Designers worked up on eve of N.Y. shows

Economy forces `absolute best' at Fashion Week

February 06, 2003|By Cheryl Lu-Lien Tan | Cheryl Lu-Lien Tan,SUN STAFF

All this week, designer Tracy Reese has been operating in a frenzy - 15-hour days filled with screening models, scrutinizing ensembles and making the final nips and tucks to her latest runway offerings.

It's the usual crazy drill just before New York's Fashion Week, which begins tomorrow. This season, however, with retail sales continuing to be sluggish and the recent holiday shopping season hailed as the worst in more than three decades, the mood of the U.S. shopper has weighed more heavily on the minds of many in fashion.

"It's an extra impetus to do your absolute best," said Reese, who has won kudos in recent seasons for her fresh, feminine and sexy creations. "We're just trying to impress shoppers. It's really a matter of, you want it to be extra useful but, at the same time, what's going to stimulate their appetite is whatever's visually stimulating."

The winning formula for fashion buzz and retail success always has been part creativity, part guesswork, with a handful of fairy dust tossed in for luck. Will shoppers want less or more? Patterns or simplicity? In the past year, designers have tried comfortable, they've done wearable. Still, some haven't managed to shake the post-Sept. 11 tremors that continue to rock the retail industry. Menswear's John Bartlett will be noticeably absent this Fashion Week. Noting disappointing sales, he shuttered his business in November.

When models take to the runways tomorrow to display designers' visions for Fall 2003, however, industry observers predict that they will flaunt a significantly different look from the plethora of relatively safe offerings seen last year at the New York shows.

"There's a lot more stress," said David Wolfe, creative director of the Doneger Group, a fashion trend-tracking company in New York. "Last season, they did try to play it safe and be more commercial and that didn't work. Business is not booming and the things that did sell were the things that were unusual, sometimes extravagant and sometimes colorful - the things that people didn't already have in their wardrobes. I think there's going to be the attempt to jumpstart people's interest in fashion again."

"If Europe is any indication," added Kal Ruttenstein, Bloomingdale's senior vice president of fashion direction, who returned this week from the Paris shows, "the American designers are really going to step out and pull out all the stops to make exciting fashion."

For the New York-based Reese, that means appealing to the bad girl. Her collection - named "Coquette" - is divided into two themes, "Vamp" and "Kitten." She's exploring low-slung pants but making the legs more tapered; she's bringing back the shift dress, but spicing it up with interesting seaming and other detailing.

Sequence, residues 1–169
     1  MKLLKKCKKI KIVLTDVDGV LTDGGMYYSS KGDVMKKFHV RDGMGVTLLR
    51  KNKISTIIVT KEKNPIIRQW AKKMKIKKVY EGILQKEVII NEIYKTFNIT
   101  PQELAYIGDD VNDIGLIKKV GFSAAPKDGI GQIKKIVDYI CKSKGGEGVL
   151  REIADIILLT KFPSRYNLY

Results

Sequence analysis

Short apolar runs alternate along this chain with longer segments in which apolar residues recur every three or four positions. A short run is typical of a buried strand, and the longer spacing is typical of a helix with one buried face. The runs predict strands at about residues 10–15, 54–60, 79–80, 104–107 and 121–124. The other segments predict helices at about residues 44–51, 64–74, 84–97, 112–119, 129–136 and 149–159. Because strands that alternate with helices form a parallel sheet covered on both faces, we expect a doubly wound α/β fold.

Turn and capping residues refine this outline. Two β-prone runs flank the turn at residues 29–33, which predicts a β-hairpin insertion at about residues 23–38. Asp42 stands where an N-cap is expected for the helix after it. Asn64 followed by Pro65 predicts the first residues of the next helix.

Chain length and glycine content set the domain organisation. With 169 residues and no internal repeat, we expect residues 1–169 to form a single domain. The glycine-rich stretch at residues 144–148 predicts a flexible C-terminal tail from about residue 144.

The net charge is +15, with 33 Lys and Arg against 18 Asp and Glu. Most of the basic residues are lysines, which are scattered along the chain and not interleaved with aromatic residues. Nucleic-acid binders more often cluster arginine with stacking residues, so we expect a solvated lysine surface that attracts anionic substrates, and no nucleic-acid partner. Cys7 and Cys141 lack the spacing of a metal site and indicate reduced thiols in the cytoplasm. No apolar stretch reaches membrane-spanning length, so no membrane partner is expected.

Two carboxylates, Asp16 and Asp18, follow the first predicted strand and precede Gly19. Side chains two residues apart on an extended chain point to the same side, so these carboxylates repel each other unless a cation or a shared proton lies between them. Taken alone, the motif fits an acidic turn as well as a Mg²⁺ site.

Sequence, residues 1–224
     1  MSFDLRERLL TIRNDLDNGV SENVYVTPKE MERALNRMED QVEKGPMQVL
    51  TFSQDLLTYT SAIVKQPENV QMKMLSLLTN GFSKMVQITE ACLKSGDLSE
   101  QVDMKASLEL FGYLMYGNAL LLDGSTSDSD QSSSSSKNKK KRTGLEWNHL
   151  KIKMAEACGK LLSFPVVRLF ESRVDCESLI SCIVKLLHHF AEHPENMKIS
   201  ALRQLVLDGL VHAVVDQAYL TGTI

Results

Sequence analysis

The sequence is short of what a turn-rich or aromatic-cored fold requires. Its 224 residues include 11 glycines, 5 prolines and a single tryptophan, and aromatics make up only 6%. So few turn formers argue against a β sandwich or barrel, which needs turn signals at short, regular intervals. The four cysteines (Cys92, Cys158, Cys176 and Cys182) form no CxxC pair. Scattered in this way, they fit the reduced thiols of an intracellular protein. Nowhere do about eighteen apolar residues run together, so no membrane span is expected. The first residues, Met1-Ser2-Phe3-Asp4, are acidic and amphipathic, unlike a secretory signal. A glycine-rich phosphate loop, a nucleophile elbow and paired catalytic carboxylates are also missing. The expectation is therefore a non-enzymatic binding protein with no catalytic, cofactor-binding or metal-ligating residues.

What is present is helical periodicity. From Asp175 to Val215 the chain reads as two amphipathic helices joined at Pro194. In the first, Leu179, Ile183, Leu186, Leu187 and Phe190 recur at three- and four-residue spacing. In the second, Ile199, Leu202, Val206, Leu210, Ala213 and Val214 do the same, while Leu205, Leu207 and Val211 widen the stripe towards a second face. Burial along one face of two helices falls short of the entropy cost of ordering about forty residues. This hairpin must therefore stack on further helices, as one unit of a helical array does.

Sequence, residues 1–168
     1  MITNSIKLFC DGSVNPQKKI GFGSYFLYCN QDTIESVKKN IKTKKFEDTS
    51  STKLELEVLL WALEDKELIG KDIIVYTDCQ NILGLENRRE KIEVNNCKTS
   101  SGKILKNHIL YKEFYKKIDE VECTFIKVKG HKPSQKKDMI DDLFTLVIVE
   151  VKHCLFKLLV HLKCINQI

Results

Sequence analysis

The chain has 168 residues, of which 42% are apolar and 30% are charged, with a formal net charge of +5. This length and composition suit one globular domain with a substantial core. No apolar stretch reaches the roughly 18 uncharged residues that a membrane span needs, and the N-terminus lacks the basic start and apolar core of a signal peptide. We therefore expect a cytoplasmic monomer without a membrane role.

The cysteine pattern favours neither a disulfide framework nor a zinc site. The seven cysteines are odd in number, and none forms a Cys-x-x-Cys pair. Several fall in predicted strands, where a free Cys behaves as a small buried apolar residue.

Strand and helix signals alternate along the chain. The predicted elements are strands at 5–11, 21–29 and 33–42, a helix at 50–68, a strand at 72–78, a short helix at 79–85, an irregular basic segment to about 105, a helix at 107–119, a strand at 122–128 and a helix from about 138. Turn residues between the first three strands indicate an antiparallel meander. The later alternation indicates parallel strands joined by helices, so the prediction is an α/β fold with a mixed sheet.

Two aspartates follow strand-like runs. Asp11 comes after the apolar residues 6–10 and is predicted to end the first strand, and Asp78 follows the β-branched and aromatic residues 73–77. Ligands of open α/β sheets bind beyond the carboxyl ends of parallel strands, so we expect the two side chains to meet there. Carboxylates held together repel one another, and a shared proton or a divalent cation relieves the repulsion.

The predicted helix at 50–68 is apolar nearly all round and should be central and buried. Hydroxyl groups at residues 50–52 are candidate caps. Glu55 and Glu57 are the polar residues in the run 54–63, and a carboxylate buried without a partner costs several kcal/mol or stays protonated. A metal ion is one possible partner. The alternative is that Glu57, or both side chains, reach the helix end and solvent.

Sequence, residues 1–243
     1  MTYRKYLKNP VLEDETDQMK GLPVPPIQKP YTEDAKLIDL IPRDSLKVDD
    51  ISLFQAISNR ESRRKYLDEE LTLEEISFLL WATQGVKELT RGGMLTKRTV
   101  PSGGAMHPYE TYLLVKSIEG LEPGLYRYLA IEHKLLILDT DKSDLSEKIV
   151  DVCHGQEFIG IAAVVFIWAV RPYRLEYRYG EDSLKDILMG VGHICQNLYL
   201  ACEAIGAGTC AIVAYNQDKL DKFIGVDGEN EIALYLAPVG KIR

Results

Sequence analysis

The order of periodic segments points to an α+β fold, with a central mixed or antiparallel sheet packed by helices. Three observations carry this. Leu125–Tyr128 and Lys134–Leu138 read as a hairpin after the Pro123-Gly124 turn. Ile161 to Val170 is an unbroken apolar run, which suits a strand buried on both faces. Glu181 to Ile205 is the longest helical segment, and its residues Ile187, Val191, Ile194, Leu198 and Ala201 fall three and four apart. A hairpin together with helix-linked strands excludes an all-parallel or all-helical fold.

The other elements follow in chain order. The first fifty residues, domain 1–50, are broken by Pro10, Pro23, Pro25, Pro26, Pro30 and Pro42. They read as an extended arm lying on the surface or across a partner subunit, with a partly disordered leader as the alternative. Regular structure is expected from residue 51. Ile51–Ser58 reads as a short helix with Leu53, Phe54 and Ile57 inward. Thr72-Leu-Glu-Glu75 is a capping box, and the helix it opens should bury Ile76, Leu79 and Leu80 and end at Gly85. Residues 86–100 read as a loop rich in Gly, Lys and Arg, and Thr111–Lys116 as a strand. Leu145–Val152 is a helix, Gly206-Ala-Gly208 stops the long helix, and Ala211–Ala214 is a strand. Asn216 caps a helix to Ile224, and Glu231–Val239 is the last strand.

Custo Dalmau, designer of the Spanish label Custo Barcelona, drew inspiration from the adventurous and sophisticated women he observed during his travels in Europe, singling out "London punk" as a big theme.

"I took feminine silhouettes and re-created them with dynamic prints, designs and messages ... dresses and suits that are glamorous, but with a bit of an edge," Dalmau said.

Designer Cynthia Steffe, too, is planning to appeal to the shopper seeking some edge.

"I took a lot of ideas from the street this season, and scary as it seems, some things from my youth," she said, chuckling. "There's a little bit of that new wave aesthetic in the accessories and detailing in the clothes. You mix that with a modern sensibility and the end result is a rockabilly look."

On the list of clothes she will present at Monday's show is a coat with strips of pony pelt appliqued on top "but has a punk-looking metal closure."

Reem Acra said she's tried not to let thoughts of the economy affect her. The popular bridal designer has quietly been doing eveningwear on the side for three seasons now, but it wasn't until actress Halle Berry wore an ice-blue Reem Acra gown to last month's Golden Globes that Americans began to take note.

On Sunday, Acra will stage her first Fashion Week show in conjunction with the opening of her first Manhattan store. She plans to show her signature princess gowns, dresses and slender evening pants touched up with exquisite embroidery or patterns.

"I'm sure everybody's thinking, `What's next? What should we be doing that we get the right look for the customer?'" Acra said. "It's tough out there to come up with the right collection, but we're all hoping that, by fall, when the merchandise is in the stores, the economy probably will be better."

And, clothing aside, some feel the whirlwind of Fashion Week may be a welcome distraction.

"It's hard to imagine that with the world on the brink of war and with the crash of the space shuttle that people are going to be that interested in fashion," Doneger Group's Wolfe said. "And yet, maybe this is just what they need to distract them from the gloom and doom."

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